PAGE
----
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I have questions regarding, shortsale, foreclosure, and counter offers.

My home is in short sale, I'd trusted a "friend" who'd just gotten her licence. The first offer fell through days before closing. Meanwhile we ended up in court for foreclosure and got an extension. then it happened again, and we shelled out $750 to stop a second foreclosure, and have only 90 days. the realtor indicates the second offer may fall through. She claims she isn't supposed to have been keeping the home listed or accepting counter offers, and is "waiting " for this buyers
 actions. To my experience in buying the home. The selling process is to continue until money changes hands? Am I correct in that, and what do I do to prevent a
 final foreclosure?
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March 06 2013 - Palm Beach
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Answers (9)

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Sound like the realtor got it backward. It's get a approved price from the bank, then the offer. Not offer first, then deal with the bank. Maybe this is why it's falling through. 
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March 12 2013
Profile picture for blub blub blub
It's hard enough for a new agent to deal with a regular transaction, but a short sale is out of their league.  There is too much involved with shortsales and experience plays a big part in it.

The sale can be marked "contingent other" which tells agents that there is a contract, but offers can still be presented and held as back up offers.  That way if a deal goes south, there's a new offer waiting to be presented right away.
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March 12 2013

You need a seasoned agent skilled in dealing with short sales immediately.  That agent will get the best contract possible within your given time frame then take it to your bank. If the bank agrees to review the contract it should/may stop the foreclosure process while the bank decides whether or not they will approve the contract. This can sometimes take a few months to get through the bank's approval system.  In the meantime, your foreclosure may very well be put on hold. Contact me directly and I'll put you in touch with an skilled agent in your area that can help. Thanks, David Clegg

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March 12 2013

In my opinion, I would recommend just walking away from the property rather than deal with the hassle of the short sale. With a short sale, it will still destroy your credit and you are a lot more likely to be required to pay the difference between the sale price and the amount owed. With a foreclosure, many lenders have a cash for keys program that will give you a considerable amount of cash if you promise to hand over the keys and leave the home without any further damage. If there is a short sale specialist on here that can enlighten me as to the benefits of a short sale, please do so, because I am not aware of any benefits over just walking away other than being able to occupy the property for a longer period of time.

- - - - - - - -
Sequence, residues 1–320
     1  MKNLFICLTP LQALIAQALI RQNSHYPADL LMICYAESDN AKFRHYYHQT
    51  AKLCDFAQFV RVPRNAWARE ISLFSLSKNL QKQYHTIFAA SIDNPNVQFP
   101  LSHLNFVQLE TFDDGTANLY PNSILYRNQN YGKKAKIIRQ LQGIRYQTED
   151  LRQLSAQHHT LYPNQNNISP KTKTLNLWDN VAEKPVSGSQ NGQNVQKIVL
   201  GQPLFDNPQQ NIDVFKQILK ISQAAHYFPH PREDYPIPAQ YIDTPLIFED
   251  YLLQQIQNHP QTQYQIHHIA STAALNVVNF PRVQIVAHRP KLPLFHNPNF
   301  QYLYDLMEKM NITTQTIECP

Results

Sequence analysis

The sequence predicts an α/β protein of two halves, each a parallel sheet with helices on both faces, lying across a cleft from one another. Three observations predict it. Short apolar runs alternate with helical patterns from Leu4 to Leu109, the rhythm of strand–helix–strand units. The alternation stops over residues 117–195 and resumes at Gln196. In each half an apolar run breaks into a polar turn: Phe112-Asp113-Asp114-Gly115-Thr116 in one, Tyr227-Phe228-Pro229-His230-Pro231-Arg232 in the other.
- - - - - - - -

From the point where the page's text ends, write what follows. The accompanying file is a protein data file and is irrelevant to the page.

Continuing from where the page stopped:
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March 12 2013
Unfortunately, this is not a good fit for your friend as a new agent. Short sales take skill and experience in negotiating and knowing exactly what the bank is looking for in an offer, as well as how to size up the buying ability of the purchaser. I would advise you to find an experience agent that has handled short sales ASAP!
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March 12 2013
Taking a back- up offer...

While she cannot submit other offers to the bank, even when there is a valid signed contract between the buyer and seller, there is NOTHING that would stop any agent from taking a back up offer, unless in the original contract, you waived the right to take a back up.

Eve
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March 12 2013
Time is not on your side.  You need actions quick or you will lose your home.  I would find a Realtor that specializes in short sales.  Every lender is different and the things they ask for throughout the process change from day to day.  A lot of it is redundant and cumbersome.  If your Realtor is not accustomed to how all this works even with a good offer you are spinning your wheels so to speak.  Lenders are a little more understanding these days but there comes a point when they will pull the plug.  You do not want some one who just passed the class with no street smarts taking care of this for you.  You need a specialist. 
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March 06 2013
Sounds like a mess. Experience in real estate is the #1 thing you look for in a Realtor, you don't want to be the one they "learn on the job" from and with a short sale which is the most difficult transaction these days. It might be hard, but you need to speak to your friend and she needs to latch on to a seasoned pro in her office to help her. Together they might be able to save the deal.

Most banks will only look at one offer at a time and work with only it until it closes or falls apart, so while you can still have the house on the market, you will be taking backup offers only. There are many things your agent needs to know and be doing so have your friend partner up with a pro ASAP.

tim
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March 06 2013

I'd recommend hiring an experienced Realtor to handle your short sale, 
Time is of the essence.
I would recommend that you only take a cash offer, and try to have a backup offer standing by.  Make sure that the inspection period is short or better yet, waived by the current buyer.  Have some good faith money in escrow.
It sounds as if you are poorly represented.

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March 06 2013
 
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